Australia’s Sydney Harbour faces capacity problems which can decline tourism

Published on : Monday, October 23, 2017

Sydney is in the top list for the cruise tourism in Australia, but its capacity problems are raising concern which is slightly decimating the tourism industry.




The Sydney Harbour has the breathtakingly big, blue and beautiful, but its bridge is too low and its berths too few for the entire cruise ships that want to come calling, according to the Cruise Lines International Association.




Cruise Lines International Association also said that this capacity problem at Australia’s gateway port is holding back an even bigger expansion of the lucrative cruise ship industry.



With the industry making a record 5.3-billion-Australian-dollar ($4.2 billion) contribution to the Australian economy in the fiscal year to June 30, 2017, that means finding more space for cruise ships in Sydney is a main concern for both cruise line operators and the New South Wales State Government, which is creating a tourism push in revenue generation .




There is one potential solution is for the largest cruise boats to share space with Australian warships at the Garden Island navy base, which occupies a prime piece of the Sydney Harbour foreshore, about 1km east of Circular Quay. That would require a major shift in thinking for the Royal Australian Navy, which uses Garden Island as part of its East Fleet base and has been operating there for more than 100 years.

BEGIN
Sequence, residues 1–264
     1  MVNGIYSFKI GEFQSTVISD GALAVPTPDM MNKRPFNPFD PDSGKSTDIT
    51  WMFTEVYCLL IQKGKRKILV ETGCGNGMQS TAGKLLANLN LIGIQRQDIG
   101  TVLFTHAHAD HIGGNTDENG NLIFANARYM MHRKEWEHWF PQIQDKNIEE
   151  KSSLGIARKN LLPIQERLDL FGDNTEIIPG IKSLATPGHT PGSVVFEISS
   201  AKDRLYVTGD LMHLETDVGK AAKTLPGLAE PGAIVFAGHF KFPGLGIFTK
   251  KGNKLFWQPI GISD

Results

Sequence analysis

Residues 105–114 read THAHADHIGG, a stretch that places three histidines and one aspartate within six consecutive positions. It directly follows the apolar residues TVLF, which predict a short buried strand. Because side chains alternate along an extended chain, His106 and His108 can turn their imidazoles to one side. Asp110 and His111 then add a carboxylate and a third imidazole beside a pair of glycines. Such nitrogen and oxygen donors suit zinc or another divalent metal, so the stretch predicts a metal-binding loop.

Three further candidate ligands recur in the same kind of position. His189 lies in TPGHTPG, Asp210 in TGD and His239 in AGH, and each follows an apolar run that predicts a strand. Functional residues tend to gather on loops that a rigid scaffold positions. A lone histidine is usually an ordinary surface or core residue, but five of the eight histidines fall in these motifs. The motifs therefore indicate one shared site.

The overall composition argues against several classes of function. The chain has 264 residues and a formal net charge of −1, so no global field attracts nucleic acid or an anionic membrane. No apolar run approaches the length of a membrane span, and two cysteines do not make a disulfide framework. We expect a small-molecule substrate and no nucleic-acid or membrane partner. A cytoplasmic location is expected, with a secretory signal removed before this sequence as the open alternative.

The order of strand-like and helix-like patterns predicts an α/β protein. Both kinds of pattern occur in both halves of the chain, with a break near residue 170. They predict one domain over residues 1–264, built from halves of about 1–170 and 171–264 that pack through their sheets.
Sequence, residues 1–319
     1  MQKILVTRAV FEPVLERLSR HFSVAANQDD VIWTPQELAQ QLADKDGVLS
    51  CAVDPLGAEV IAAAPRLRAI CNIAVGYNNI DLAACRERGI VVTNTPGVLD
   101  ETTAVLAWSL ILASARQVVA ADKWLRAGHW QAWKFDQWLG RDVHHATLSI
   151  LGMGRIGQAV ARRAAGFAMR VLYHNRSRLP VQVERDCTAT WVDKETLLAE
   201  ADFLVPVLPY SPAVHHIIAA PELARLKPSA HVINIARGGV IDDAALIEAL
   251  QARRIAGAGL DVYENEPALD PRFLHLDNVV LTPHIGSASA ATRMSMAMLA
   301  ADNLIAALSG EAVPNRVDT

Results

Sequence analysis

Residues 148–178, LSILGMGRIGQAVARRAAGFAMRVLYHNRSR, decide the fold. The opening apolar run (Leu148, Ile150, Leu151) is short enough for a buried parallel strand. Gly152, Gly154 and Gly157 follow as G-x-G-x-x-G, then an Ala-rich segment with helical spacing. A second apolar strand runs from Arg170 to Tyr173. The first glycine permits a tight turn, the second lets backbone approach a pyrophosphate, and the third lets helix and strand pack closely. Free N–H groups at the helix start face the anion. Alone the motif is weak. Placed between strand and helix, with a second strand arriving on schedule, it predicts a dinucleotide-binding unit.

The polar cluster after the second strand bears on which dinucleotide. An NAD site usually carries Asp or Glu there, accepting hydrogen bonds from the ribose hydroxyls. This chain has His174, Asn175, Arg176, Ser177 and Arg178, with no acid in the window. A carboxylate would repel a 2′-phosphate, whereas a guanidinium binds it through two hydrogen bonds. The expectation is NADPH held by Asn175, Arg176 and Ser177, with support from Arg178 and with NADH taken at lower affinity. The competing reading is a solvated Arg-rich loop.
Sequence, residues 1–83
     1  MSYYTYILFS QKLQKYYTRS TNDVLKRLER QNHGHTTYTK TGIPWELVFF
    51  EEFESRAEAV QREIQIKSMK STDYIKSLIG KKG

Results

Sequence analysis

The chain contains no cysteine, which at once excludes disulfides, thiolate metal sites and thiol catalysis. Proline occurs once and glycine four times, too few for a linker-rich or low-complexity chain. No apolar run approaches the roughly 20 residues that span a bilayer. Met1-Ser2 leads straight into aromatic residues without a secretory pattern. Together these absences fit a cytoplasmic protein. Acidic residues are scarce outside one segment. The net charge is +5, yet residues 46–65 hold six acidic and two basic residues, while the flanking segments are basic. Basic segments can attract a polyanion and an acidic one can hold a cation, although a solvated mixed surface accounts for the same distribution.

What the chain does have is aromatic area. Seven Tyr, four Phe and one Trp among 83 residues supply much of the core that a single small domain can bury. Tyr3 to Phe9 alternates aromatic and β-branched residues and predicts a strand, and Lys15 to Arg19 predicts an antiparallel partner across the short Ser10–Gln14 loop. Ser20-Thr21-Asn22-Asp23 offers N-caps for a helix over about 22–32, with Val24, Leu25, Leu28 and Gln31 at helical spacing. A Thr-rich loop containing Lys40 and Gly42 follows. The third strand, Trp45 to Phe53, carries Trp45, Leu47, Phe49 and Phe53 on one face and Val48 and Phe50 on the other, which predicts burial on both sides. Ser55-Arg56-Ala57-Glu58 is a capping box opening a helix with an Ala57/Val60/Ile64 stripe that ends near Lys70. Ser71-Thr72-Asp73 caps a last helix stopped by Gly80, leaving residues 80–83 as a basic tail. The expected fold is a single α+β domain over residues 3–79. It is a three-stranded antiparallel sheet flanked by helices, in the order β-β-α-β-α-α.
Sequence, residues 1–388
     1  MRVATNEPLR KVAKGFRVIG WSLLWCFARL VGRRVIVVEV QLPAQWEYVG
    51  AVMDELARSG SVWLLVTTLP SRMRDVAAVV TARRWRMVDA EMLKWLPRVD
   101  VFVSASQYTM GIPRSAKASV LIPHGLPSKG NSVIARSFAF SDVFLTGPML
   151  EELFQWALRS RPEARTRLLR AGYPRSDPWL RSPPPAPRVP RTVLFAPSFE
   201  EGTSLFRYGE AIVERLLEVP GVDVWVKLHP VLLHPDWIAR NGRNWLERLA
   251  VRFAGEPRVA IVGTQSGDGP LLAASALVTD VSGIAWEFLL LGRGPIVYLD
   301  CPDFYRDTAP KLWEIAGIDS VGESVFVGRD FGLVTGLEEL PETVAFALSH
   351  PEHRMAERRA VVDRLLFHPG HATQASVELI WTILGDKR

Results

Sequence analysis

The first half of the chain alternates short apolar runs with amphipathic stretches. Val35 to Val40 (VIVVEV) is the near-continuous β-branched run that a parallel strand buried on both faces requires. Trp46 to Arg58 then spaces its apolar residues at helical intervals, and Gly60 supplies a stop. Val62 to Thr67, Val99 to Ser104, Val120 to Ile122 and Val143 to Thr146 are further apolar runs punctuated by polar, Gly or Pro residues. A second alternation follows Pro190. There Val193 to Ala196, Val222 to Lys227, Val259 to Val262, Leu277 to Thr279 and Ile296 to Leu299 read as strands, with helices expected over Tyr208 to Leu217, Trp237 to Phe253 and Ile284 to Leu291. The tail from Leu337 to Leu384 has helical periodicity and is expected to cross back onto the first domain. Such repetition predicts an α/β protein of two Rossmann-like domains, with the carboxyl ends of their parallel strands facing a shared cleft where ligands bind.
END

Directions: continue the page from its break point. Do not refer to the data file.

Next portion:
While the best spot for a cruise liner remains the Circular Quay Overseas Passenger Terminal, it is able to house only one large ship at a time, which means that slot is always at a premium.




There is a second terminal at White Bay further up the harbor, but to reach it means passing under the Harbour Bridge and its 49-meter clearance limit.




That is way too low for the latest generation of mega-sized cruise boats, which can carry more than 5,000 passengers.




The 225,000-metric ton Oasis-class ships of Royal Caribbean International have 16 passenger decks and are 72 meters above the water at their highest point.




Even Royal Caribbean’s smaller 167,000-metric-ton Ovation of the Seas, which visited Sydney for the first time last December, stands 50 meters high, which means it, too, is unable to pass under the bridge.




The 2016-2017 cruising season from September to May, more than half a million passengers sailed into Sydney on a record 344 cruise ship visits, up from 311 ship visits in 2015-2016.




Cruise Lines International Association (CLIA) Australasia Managing Director Joel Katz said that Australia is one of the world’s most appealing cruise destinations for global cruise lines, but this problem can give a slight hunch for the decrease in the tourism revenue generation, if this problem cannot be solved.




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